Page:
Smiling Parents and Safe Kids
By: Alex Smith
Sally is the Children's Ministry Director at a midsize church in a middle class suburb of your average American city. She is responsible for the safety and ministry of 200 to 300 children, depending on the service, and takes her job very seriously. She is the mother of two grown children and loves serving.
She remembers when she started in her current position, back when she was able to recognize all her parents by name and could list off their children. Back then, she had only a few steady volunteers working with her and things seemed somehow easier. She dreamed of the day they would be in a newer, bigger, building. Now that day has come, and she longs for the simpler times of yesterday.
Sally, like all of you working in children's ministry, is facing the ever-growing challenge of balancing the fun, welcoming learning environment we all value with the growing demands of security in today's modern society. Sally has to be aware of food allergies, keep track of all her children's parents and guardians, and manage the growing demands of reporting who and how many she served to senior leadership.
All of this on top of finding rewarding curriculum and fun activities. It seems almost like an impossible task. However, with the proper policies and procedures in place, your children's ministry can continue to operate in a streamlined and effective fashion.
Here are five tips to help make sure you have smiling parents and safe kids.
1. Select great volunteers.
However, be wary. It is much better to error on the side of caution when it comes to selecting volunteers for your children's programs. Some say that all volunteers must be regular attendees for six months before they are even allowed to be considered and that all children's ministry volunteers must be referred or approved by congregation members.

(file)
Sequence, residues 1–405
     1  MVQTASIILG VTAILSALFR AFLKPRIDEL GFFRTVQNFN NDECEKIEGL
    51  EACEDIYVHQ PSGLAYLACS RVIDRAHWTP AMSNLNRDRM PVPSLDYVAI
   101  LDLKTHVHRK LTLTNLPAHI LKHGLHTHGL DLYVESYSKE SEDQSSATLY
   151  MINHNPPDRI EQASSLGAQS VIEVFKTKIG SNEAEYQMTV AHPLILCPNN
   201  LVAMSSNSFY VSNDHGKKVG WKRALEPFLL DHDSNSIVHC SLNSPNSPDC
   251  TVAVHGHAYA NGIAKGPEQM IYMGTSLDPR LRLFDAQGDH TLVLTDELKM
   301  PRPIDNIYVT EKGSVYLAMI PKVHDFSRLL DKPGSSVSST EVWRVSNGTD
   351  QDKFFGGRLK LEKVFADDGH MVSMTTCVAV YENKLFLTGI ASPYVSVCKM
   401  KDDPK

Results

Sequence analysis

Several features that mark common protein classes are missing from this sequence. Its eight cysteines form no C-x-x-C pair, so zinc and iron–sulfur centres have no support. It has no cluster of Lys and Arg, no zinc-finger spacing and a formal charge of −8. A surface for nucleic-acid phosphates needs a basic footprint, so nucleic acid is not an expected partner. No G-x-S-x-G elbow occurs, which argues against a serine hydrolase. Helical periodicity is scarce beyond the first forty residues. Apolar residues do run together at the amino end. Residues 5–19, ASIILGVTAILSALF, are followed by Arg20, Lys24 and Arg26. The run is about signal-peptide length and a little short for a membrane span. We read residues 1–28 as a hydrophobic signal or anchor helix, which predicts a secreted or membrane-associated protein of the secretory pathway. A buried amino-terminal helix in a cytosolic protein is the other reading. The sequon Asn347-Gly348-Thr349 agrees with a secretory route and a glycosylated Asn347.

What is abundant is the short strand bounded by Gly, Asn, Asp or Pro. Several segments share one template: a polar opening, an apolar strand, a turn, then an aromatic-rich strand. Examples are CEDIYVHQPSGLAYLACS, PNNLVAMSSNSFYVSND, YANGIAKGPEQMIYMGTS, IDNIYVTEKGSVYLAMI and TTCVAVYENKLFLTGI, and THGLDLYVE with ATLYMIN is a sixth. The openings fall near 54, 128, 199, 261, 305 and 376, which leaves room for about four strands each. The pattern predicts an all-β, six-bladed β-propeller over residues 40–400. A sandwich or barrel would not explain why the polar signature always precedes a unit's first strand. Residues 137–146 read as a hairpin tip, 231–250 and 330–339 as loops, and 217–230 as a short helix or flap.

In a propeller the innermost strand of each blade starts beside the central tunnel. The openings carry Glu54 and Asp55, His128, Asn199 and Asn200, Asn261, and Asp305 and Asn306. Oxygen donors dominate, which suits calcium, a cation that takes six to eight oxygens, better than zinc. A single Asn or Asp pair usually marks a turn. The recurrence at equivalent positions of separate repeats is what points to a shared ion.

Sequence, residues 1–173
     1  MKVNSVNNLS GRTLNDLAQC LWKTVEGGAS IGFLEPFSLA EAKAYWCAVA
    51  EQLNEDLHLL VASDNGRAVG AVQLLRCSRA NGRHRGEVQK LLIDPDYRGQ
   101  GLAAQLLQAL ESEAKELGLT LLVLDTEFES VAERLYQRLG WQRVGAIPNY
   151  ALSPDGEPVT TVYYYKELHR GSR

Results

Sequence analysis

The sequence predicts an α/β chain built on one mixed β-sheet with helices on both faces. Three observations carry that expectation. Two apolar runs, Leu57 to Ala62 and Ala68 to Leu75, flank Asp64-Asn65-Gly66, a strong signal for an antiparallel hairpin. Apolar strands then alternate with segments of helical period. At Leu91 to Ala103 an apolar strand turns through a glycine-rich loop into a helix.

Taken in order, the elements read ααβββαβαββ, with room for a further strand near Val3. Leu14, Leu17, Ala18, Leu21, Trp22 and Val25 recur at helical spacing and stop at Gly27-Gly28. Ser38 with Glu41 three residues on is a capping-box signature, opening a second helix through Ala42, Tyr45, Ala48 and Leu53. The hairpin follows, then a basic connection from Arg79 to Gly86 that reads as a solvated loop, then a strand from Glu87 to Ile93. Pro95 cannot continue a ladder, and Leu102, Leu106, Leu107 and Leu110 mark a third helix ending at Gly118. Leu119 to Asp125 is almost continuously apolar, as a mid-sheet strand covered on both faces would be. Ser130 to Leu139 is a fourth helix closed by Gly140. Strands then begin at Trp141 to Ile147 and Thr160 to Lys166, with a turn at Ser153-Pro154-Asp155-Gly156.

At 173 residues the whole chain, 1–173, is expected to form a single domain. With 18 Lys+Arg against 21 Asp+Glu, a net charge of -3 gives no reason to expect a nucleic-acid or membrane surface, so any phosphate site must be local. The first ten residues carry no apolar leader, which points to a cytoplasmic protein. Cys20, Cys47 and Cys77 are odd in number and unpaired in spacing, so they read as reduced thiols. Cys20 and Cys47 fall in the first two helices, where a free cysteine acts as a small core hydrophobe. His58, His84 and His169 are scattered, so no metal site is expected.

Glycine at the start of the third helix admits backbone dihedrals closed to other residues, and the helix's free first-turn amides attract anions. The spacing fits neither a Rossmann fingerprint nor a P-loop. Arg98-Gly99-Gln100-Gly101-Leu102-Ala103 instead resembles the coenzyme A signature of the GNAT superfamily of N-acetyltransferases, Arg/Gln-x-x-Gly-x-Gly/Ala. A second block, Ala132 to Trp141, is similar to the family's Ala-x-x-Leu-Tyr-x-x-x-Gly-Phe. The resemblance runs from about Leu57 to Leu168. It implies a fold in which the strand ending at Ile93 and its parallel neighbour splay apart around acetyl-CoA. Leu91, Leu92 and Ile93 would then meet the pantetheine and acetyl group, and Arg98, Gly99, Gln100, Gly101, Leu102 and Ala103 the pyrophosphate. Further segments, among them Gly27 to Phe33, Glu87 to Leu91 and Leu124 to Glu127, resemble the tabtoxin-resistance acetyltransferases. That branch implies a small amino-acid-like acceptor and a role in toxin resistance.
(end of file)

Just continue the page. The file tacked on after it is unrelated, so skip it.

Finally, you should have all volunteers complete a background check and require them to complete a written application.
2. Equip them with thorough procedures and ample training.
In addition, be sure they take precautions in dealing with body fluids, such as blood and vomit, and encourage them to document all incidents from bumped heads and biting to eating and potty behavior. It is important that your volunteers not only have the equipment they need but the necessary access to training, as well. Consider regular training meetings or create easy-to-read instruction manuals.
3. Create a solid check-in-/-check-out procedure.
4. Promote two-way parent communication.
In addition to allergies, parents often like to tell child care providers about and hear back from them about how their child is behaving. Consider using a simple paper form with three faces (smiley, neutral, and frowning) on it with some room for writing notes. Encourage your volunteers to simply circle the appropriate face that reflects each child's attitude and write a quick note to parents. You'll be amazed at how something this simple will make parents feel like you really care.
5. Maintain accurate records and information policies.
Spend time working on these five areas of your ministry, and soon you'll be able to rest assured knowing you have smiling parents and safe kids.
Alex Smith is chief executive officer of KidCheck, Inc., which provides a secure online check-in solution for child care professionals, www.kidcheck.com.